Up to recently, there have been 23,000 truck movements of alcohol across the border each year (due to, for example, insufficient bottling capacity in the North).

Among the milk companies most affected is Lakeland Dairies, which buys approximately half of the milk produced in Northern Ireland.

Export industries are hardest hit; 96% of whiskey from the island of Ireland is exported, and 90% of dairy products.

Of these, more than 10% is blended Irish whiskey, containing ingredients from distilleries on both sides of the border, and up to 4 billion litres of milk goes into “mixed” products.

Some other beverage, machinery and electrical sectors with significant cross-border input may also be affected.

EU recognition

Ironically, the EU recognises an Irish whiskey geographic indication on an all-island basis. And products produced in Northern Ireland must adhere to EU standards, with free movement facilitated by the Northern Ireland Protocol.

The matter is further complicated by the insufficient milk processing capacity within Northern Ireland for all the milk produced (about one-third of the milk produced in Northern Ireland goes south).

Industry sources say segregation of milk from north and south has never been needed, and would be extremely difficult for dairy and specialised nutrition companies to achieve.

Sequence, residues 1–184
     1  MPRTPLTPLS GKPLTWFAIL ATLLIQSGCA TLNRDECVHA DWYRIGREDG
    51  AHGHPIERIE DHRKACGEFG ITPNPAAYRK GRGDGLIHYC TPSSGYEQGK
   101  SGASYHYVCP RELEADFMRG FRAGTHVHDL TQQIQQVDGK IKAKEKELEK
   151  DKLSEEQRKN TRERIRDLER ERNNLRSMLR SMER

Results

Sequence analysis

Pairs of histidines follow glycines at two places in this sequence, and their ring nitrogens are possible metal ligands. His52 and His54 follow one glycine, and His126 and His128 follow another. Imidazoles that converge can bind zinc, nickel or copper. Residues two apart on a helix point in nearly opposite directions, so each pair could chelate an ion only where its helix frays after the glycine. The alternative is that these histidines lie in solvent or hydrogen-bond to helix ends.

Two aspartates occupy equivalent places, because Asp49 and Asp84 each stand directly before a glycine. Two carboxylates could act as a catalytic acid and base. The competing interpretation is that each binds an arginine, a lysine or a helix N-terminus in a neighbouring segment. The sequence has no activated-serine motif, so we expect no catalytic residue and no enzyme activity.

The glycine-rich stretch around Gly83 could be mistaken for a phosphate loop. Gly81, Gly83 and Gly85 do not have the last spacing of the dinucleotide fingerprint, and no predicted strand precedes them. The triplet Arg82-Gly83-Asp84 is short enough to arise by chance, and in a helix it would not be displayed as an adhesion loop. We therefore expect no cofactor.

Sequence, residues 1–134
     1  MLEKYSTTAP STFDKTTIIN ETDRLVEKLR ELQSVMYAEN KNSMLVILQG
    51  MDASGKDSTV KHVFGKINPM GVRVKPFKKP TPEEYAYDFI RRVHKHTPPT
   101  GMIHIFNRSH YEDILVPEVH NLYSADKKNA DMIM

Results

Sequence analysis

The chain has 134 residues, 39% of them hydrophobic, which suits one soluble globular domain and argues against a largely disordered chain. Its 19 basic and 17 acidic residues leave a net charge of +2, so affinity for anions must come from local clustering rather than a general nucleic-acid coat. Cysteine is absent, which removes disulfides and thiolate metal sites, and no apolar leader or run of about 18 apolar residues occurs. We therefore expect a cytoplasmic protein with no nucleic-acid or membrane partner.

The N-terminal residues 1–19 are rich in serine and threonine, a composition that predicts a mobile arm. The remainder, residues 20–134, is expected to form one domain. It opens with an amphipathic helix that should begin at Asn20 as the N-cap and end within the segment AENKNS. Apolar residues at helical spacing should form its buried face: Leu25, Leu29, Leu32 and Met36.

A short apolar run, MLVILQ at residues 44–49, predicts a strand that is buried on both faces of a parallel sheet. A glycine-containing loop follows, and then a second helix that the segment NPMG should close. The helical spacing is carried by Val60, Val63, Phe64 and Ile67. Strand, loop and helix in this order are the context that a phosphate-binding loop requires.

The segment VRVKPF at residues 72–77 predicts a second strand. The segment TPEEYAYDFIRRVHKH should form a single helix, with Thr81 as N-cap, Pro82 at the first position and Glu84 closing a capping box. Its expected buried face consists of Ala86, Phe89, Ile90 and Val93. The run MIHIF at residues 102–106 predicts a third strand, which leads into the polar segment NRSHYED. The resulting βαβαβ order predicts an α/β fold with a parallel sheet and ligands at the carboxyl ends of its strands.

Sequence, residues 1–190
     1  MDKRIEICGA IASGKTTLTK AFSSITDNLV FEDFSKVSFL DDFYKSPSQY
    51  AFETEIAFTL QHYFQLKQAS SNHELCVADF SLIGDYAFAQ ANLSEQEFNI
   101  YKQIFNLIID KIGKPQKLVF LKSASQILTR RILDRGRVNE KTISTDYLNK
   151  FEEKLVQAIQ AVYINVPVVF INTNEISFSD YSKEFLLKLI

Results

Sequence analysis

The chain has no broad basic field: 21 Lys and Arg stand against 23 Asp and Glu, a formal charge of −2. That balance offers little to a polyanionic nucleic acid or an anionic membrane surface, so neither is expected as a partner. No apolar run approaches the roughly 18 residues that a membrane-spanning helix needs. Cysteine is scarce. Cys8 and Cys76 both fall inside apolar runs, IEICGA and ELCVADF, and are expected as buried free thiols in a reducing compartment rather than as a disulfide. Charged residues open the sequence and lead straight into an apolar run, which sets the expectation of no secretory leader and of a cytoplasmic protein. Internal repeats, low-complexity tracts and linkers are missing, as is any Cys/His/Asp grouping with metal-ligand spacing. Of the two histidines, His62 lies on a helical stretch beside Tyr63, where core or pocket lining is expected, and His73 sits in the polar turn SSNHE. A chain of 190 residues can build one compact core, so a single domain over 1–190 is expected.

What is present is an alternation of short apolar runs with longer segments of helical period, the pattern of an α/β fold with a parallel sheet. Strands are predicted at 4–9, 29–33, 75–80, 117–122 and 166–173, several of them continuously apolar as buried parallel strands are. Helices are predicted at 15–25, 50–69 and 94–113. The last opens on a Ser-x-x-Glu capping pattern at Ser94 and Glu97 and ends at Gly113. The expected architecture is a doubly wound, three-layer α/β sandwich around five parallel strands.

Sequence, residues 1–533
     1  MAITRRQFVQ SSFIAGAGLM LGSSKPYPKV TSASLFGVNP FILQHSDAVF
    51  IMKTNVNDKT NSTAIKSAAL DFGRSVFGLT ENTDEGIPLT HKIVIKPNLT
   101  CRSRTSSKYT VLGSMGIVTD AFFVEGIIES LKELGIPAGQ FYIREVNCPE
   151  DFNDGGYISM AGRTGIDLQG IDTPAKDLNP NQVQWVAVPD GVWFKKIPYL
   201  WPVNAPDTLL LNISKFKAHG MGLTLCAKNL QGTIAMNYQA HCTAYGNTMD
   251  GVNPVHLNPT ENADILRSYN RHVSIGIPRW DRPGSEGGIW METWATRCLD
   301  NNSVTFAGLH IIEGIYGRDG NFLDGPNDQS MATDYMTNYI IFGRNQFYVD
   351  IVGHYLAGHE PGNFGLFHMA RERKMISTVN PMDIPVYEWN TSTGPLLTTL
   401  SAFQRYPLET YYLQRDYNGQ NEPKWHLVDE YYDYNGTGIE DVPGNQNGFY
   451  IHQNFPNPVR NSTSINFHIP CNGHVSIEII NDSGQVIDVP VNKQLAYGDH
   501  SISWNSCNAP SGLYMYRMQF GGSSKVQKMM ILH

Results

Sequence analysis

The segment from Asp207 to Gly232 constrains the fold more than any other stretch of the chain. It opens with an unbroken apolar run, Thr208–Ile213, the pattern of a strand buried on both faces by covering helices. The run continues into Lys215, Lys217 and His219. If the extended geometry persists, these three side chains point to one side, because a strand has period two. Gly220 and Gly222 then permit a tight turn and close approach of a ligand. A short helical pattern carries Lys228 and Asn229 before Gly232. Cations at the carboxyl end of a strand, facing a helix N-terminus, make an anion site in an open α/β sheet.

With the European Commission ruling out revisiting rules of origins in more than 70 existing trade agreements, the affected industries have proposed that the Commission consider new rules of origin, but have found Brussels unwilling to address this.

For example, in the current EU-Australia free trade negotiations, the Commission has proposed the same rules of origin of the past 40 years.

In contrast, the UK government has moved to protect their exports with EU inputs, in trade agreements Changing the rules of origin is problematic, said Commissioner McGuinness, when she recently addressed the Seanad Special Select Committee on the Withdrawal of the UK from the EU.

“We will continue to deal with problems arising from Brexit for decades because you cannot have been together for decades, as the UK and the European Union were, and unpick without problems.” 

“There is a dairy industry that is all-island and it worked really well. Brexit disrupted that. 

"That is a tragedy for the industry, for farmers and their families and workers. Politically, we have to find solutions and ways of engaging.” 

She warned changes might have other consequences that might not suit us.

She said the Brexit priority for the EU Commission at the moment is implementing the EU–UK Trade and Cooperation Agreement and the withdrawal agreement. Other issues such as rules of origin “may be dealt with in time”.

The affected industries have warned that failure to update rules of origin undermines the all-island economy by making cross-border supply chains unviable, and have called on the Irish Government to be the champion for reform of rules of origin.